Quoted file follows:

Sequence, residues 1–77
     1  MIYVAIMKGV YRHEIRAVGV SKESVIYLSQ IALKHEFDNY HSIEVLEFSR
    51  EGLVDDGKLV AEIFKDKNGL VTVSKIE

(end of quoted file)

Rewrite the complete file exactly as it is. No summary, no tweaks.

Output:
Sequence, residues 1–77
     1  MIYVAIMKGV YRHEIRAVGV SKESVIYLSQ IALKHEFDNY HSIEVLEFSR
    51  EGLVDDGKLV AEIFKDKNGL VTVSKIE